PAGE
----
Securing adequate energy supply for sustainable development

Securing adequate energy supply for sustainable development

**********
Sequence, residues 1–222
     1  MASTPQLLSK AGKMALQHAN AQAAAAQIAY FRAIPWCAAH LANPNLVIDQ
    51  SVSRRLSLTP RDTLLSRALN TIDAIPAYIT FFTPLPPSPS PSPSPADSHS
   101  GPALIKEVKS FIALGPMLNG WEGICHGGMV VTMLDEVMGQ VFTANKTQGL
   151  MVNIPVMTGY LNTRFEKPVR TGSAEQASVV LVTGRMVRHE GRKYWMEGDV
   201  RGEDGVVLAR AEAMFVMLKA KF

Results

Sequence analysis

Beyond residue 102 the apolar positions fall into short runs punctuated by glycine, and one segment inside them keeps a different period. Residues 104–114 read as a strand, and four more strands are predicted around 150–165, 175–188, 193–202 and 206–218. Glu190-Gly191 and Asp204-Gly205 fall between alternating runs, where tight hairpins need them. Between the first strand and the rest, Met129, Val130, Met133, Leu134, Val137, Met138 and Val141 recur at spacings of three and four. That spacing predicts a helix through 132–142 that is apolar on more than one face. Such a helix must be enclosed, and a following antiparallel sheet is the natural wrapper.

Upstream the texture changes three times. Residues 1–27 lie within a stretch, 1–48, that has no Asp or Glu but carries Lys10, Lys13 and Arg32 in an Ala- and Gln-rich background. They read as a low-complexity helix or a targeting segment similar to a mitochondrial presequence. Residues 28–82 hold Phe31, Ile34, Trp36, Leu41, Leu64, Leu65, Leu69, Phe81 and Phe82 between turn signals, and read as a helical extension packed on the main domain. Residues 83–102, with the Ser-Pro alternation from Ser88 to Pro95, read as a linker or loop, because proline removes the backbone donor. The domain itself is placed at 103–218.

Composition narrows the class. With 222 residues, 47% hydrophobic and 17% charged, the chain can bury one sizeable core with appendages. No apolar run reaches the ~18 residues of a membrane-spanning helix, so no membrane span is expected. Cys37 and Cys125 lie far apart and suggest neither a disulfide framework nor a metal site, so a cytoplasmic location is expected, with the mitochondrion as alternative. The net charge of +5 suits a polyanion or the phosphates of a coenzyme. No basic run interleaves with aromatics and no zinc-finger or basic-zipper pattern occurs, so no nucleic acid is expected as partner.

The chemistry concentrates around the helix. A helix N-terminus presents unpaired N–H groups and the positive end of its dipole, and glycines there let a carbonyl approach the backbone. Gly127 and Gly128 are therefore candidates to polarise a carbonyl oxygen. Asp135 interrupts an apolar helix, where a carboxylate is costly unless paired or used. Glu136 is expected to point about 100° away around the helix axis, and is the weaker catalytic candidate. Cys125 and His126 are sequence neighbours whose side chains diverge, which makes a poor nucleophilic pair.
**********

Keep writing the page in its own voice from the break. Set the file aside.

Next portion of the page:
India will have to increase its power generation to keep up with the demand.  This thought was reflected in the knowledge paper ‘Forging ties: Securing energy supply for a stronger economy’ jointly prepared by FICCI and PwCIndia is a power guzzling economy.  To sustain itself, India needs power generation on a large scale. The consumption trend in India can be evaluated from the fact that world energy consumption in 2012, saw an increase of 2.1 per cent compared to 2.4 per cent in 2011. The European Union’s (EU) energy consumption fell by 0.8 per cent, North America by 1.8 per cent and Japan by 0.6 per cent, but on the contrary India’s and China’s consumption grew at 5.4 per cent and 7.7 per cent respectively. India will have to increase its power generation to keep up with the demand.  This thought was reflected in the knowledge paper ‘Forging ties: Securing energy supply for a stronger economy’ jointly prepared by FICCI and PwC. The paper sets out the current energy scenario in India and analyses the impediments to energy security, international cooperation and efficient use of available energy. In 2012, India was the fourth-largest energy consumer in the world, with a consumption of 563 million tonnes of oil equivalent (MTOE). Accordingly, the per capita consumption of energy is about 456 kg oil equivalent (KGOE) in India which is less than one third of the global average. According to the paper, the demand for primary energy in India will increase almost three times in 2035 to 1,516 MTOE from 563 MTOE in 2012. India is also expected to almost double its share in the global primary energy consumption to almost 9 per cent by 2035. Rising energy demandManaging the efficient use of oil, gas & coal and exploring non-conventional forms of energy is the answer to improving India’s energy scenario. By 2031-32, India’s oil consumption is expected to be in the range of 350 to 486 MMT and the import dependency will be in the range of 90 to 93 per cent. Dependence on imported natural gas is expected to increase from 26 per cent in 2012 to 54 per cent in 2021-2022. The demand is such that even coal, which is by far India’s most abundant energy resource, would be insufficient. The aggregate demand for coal by the end of the 2017 is likely to be 407 MTOE depending upon the pace of implementation of power capacity. As against this, the domestic output is unlikely to exceed 317 MTOE, leaving a shortfall of over 90 MTOE.The substantial crude oil import also offsets 56 per cent of the foreign exchange earned through total exports in 2012-13. The import dependency on oil is bound to be around 90 per cent of its consumption in the next two decades. This will require a higher percentage of GDP to be spent on oil imports, thereby further increasing Indian economy’s vulnerability to external shocks. Potential in non-conventional energy sourcesOther fuels such as nuclear energy, hydroelectricity, other renewable fuels like solar, wind and geothermal, biomass and others form only 8 per cent of the total primary energy consumption in 2012. Hydroelectricity constituted 5 per cent and other renewable energy constituted 2 per cent of the total primary energy consumption in India in 2012. Thus, non-conventional energy sources have great potential to grow in India and is therefore necessary to explore the possibilities of enhancing the exploration and production of hydrocarbon resources by promoting investment in the sector. Need to provide energy security and encouraging energy efficiencyImmense potential exists in energy efficiency, particularly in the use of domestic equipment such as pumps, heating, ventilation, air-conditioning and lighting areas.  Also, wise energy usage can help cut down air and water pollutants, contributing to a sustainable environment. The government has formulated various policies to encourage businesses and install more renewable energy capacity. As a result of an encouraging investment climate, wind power has grown rapidly in the country. From about 41 MW in 1992, the total installed capacity has reached almost 18,000 MW this year.It is also necessary to have a strong diplomatic relationship with the oil and gas producing countries. The government needs to attribute prime importance for having its representatives engage in a continuous dialogue with the oil-exporting countries. It needs to encourage a healthy amount of trade with these countries by offering our robust products and services such as IT software, garments, etc.In the pursuit of sustainable development, securing adequate energy supply that is affordable and easily accessible, is a major concern both financially and strategically. To address the challenges, we need to enhance the domestic growth drivers, remove structural constraints and above all, make ourselves resilient to external factors like, volatile international crude oil prices, economic and geopolitical uncertainties in the resource-rich nations.

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